Effingham Newsletter: May (Franchising Church)
Something that’s been on my mind lately is how similar many churches have become. It can be a great thing--we have fewer boundaries separating us from our brothers and sisters down the street. On the other hand, American churches are taking on a life of their own and losing their theological distinctiveness. It’s as if we’re franchising of The Church-- not as obvious as McDonald’s or Starbuck’s, but with similar results.
Regardless of location, community, or region, many churches look alike. A church in suburban Charleston takes on the same flavor as a church in suburban Orange County. Rather than being filled with a potent mix of local flavor, culture, music, taste, economics, and the like, churches settle for an imported, diluted version of something that worked elsewhere. Sometimes, this is effective, but other times the results simply ring hollow.
To offer a comparison, as a resident of Florence, I can choose to drink locally roasted “Cashua Coffee” at Aroma Underground or the “Pike Place Brew” at Starbuck’s (named for their original location in Seattle). Though both are delicious, only the first one provides a connection to the Pee Dee region of South Carolina. It supports local roasters and offers a chance to catch up on local news or hear a local musician. Many churches that import the ecology of another church offer a “delicious” ministry, but they can miss the deep connection of their local community and neglect innovation for the sake of imitation. Robert Schreiter writes in Studying Congregations,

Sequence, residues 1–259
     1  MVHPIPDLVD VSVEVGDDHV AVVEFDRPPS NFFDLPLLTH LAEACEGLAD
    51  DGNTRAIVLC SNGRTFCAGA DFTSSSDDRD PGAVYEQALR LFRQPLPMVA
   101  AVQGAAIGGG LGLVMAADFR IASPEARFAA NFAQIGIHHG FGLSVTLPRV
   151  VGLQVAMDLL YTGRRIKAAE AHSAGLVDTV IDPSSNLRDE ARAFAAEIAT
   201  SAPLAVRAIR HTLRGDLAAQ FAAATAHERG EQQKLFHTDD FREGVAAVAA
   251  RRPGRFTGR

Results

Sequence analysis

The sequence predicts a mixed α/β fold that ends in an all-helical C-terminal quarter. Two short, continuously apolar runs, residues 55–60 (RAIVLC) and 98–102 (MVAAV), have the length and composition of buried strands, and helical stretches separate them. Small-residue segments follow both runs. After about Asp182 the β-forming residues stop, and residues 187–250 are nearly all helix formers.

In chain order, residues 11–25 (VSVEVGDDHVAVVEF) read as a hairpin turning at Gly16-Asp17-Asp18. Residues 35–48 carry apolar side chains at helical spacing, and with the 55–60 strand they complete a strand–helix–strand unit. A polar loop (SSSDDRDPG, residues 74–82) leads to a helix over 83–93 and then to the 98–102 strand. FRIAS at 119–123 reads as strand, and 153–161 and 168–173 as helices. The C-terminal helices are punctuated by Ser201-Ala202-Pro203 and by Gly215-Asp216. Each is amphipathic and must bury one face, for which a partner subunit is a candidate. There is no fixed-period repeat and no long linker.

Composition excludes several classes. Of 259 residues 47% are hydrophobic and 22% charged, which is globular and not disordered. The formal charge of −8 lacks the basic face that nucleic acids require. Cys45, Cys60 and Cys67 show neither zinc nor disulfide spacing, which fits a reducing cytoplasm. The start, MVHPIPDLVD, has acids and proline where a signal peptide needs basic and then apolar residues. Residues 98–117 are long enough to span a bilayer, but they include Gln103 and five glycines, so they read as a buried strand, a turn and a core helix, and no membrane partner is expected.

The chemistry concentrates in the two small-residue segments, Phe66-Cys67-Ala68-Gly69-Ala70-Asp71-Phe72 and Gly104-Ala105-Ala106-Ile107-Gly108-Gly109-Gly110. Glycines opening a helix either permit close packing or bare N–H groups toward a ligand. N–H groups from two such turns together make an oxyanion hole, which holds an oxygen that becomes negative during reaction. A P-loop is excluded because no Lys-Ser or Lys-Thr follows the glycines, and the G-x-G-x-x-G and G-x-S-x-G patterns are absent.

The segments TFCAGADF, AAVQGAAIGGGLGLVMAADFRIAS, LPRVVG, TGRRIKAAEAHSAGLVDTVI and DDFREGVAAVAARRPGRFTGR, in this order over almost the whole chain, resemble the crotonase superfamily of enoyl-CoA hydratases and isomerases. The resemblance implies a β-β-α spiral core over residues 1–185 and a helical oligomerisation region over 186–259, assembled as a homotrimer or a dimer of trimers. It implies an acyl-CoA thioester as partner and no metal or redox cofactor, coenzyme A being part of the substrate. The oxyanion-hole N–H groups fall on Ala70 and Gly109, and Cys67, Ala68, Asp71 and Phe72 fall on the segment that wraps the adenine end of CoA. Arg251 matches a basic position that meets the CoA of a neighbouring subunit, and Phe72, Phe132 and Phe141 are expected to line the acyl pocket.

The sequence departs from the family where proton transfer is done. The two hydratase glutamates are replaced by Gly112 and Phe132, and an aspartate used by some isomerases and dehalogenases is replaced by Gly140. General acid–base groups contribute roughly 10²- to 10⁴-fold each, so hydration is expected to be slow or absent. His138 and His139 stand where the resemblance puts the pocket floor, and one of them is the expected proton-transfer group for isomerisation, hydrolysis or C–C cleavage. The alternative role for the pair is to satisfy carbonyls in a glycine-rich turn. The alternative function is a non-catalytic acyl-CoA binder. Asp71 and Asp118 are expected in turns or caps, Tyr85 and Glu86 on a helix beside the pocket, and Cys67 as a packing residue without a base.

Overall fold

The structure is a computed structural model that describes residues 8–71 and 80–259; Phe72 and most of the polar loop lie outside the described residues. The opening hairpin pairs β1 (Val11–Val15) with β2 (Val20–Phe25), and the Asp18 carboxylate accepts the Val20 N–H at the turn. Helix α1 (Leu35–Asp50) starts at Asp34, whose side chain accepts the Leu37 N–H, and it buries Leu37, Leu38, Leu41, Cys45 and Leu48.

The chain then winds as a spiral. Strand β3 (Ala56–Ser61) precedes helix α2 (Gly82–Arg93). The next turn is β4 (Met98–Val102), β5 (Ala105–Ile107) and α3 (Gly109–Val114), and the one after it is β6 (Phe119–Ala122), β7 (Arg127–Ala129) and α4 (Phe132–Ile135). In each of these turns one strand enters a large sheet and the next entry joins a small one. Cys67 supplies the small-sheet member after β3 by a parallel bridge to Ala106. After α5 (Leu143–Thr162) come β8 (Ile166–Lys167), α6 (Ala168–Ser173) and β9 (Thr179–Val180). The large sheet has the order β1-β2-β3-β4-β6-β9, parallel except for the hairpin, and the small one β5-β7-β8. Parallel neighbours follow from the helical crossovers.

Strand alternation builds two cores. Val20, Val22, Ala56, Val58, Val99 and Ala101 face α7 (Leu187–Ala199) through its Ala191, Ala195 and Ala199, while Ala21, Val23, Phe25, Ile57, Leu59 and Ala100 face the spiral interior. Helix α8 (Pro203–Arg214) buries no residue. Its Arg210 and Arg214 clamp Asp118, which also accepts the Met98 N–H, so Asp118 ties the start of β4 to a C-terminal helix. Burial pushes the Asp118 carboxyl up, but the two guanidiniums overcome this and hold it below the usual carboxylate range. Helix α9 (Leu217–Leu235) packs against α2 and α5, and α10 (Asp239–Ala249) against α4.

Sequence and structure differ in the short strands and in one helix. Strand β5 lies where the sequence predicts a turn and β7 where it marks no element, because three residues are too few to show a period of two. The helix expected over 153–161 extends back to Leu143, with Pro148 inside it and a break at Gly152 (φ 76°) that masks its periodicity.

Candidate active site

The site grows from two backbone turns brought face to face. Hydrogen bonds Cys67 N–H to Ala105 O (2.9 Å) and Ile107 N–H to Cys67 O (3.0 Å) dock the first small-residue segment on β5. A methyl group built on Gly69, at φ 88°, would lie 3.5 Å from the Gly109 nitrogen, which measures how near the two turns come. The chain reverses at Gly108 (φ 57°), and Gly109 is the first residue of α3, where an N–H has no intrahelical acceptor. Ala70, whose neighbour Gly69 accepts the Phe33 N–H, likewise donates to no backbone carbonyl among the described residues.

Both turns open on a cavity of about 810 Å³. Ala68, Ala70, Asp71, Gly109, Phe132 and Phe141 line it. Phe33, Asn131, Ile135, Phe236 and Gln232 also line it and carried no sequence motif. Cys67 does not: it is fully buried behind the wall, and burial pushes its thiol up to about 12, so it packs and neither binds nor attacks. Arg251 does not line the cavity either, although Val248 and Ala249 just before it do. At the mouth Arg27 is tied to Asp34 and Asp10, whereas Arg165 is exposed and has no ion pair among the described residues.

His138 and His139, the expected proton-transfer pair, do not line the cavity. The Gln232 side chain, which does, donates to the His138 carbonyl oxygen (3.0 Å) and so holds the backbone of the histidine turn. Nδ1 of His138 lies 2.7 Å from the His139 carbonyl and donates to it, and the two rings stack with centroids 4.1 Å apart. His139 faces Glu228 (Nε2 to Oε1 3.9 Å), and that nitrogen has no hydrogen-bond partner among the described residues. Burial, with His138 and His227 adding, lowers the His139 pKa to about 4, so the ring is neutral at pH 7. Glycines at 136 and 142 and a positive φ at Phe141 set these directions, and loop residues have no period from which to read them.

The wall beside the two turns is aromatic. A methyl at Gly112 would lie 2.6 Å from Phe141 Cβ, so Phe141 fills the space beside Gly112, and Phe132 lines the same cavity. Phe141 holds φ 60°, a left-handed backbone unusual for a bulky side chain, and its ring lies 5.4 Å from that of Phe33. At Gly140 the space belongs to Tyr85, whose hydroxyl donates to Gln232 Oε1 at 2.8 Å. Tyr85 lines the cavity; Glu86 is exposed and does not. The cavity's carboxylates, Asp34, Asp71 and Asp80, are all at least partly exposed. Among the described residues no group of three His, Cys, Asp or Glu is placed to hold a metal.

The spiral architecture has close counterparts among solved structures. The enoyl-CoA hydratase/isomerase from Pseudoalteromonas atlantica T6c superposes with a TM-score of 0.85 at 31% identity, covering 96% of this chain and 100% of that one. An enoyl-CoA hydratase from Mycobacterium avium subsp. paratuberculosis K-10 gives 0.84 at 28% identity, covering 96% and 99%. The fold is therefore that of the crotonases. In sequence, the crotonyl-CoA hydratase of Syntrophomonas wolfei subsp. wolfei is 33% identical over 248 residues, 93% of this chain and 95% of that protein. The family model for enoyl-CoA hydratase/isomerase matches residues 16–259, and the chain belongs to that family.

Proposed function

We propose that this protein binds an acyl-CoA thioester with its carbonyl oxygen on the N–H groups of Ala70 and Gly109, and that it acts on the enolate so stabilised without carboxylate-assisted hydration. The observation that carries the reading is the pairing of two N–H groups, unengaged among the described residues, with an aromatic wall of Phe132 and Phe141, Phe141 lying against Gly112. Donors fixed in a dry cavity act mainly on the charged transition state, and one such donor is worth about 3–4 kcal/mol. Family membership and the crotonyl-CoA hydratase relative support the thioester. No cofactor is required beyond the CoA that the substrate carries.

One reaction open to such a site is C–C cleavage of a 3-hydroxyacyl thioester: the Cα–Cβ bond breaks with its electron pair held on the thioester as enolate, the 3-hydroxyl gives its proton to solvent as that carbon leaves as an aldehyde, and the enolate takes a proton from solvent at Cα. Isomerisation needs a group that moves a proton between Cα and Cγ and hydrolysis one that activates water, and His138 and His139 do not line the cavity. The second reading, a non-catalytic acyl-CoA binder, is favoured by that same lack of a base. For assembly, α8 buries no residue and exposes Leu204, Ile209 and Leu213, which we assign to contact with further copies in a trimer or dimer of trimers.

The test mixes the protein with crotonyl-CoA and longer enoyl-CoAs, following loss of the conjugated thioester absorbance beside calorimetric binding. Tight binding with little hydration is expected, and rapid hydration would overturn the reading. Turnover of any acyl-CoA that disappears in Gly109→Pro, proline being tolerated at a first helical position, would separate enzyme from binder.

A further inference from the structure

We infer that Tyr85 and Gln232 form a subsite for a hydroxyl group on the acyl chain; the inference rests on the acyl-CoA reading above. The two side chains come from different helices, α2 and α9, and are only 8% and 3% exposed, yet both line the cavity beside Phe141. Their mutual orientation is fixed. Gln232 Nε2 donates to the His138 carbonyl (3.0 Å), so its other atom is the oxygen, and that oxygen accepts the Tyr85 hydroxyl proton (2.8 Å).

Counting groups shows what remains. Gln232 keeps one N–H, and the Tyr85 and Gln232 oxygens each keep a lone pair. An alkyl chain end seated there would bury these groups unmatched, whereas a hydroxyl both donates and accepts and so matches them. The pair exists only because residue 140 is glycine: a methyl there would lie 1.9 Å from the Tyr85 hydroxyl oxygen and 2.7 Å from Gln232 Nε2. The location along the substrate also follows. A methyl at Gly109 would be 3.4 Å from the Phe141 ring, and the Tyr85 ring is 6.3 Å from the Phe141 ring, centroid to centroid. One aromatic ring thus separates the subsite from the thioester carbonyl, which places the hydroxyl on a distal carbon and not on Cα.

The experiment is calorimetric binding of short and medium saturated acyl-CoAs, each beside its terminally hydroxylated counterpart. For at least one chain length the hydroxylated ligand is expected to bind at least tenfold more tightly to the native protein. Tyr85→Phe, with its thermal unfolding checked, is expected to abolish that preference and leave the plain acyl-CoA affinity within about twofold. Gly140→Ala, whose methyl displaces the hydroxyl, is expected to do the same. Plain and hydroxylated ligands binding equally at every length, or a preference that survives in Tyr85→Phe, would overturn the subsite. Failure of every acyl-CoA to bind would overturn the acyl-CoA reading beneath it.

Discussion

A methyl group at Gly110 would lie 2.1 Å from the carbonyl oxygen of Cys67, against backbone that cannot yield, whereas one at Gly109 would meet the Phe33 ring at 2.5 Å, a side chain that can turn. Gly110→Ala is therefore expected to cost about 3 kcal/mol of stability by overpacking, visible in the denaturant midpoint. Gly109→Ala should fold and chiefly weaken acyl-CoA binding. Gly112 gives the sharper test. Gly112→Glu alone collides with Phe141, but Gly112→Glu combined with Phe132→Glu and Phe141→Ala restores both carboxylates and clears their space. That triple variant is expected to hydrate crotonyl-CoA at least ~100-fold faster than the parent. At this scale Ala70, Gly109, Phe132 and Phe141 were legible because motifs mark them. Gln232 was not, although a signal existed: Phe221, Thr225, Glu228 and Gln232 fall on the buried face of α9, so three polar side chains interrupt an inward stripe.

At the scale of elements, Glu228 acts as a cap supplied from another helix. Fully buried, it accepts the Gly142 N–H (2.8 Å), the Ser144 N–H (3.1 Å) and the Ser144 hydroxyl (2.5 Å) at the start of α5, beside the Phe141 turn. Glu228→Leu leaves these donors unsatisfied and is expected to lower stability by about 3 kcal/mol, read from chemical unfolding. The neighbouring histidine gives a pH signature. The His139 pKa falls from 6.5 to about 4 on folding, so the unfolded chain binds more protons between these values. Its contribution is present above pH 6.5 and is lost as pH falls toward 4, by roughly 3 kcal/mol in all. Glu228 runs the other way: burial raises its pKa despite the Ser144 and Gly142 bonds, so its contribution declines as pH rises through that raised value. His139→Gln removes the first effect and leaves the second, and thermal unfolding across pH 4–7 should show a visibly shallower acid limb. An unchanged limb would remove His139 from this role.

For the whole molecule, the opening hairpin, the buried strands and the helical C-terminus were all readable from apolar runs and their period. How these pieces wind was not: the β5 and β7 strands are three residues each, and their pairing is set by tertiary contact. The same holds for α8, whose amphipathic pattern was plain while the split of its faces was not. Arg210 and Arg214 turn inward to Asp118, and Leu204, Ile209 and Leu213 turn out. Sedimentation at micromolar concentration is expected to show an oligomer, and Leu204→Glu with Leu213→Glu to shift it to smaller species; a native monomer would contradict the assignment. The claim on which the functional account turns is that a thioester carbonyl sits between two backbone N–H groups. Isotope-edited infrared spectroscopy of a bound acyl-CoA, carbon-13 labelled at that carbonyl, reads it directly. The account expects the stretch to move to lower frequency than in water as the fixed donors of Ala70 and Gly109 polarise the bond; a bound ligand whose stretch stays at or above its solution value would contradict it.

"Experiencing God also reveals something about ourselves and our world. To be a congregation is also to engage in a quest to see our world in a special way from the perspective of God...Understanding is therefore about coming to terms with the world in which we live."
Thus, the question of ecology is significant. Congregations must ask, “Why has God placed this church in this community at this time?” Only in understanding the local world (say, within five, ten, or fifteen miles surrounding the local church) can a body understand their specific mission. There’s nothing wrong with my South Carolina church understanding a California community or one in suburban Chicago, but why would we want to? God has placed us here in this place and this time.
Ecology is more than just the outside world, but the internal strengths and weaknesses of the local church. One may find an excellent program to bring into their local church, only to find that there is no one with the gift-set to lead it. Ecology is understanding our world on the one hand, and our place in it on the other-- the world in which we live. A classic demonstration of this is the church that says of the one down the street, “Well, they’re doing such-an-such, why don’t we give it a try?” Instead of embracing our own strengths and developing ministry as a result, we envy others’ strengths and struggle to emulate their ministry.
In North America especially, God has allowed many churches to flourish. There are many workers needed for the harvest (Matthew 9:37). The collection of local churches in a given community-- often one on each corner-- is that of a garden of beautiful trees and flowers, each with their own fragrance and season. A congregation’s ecology is the sum of their own identity and the community’s identity.
Image: The Cambridge Advocate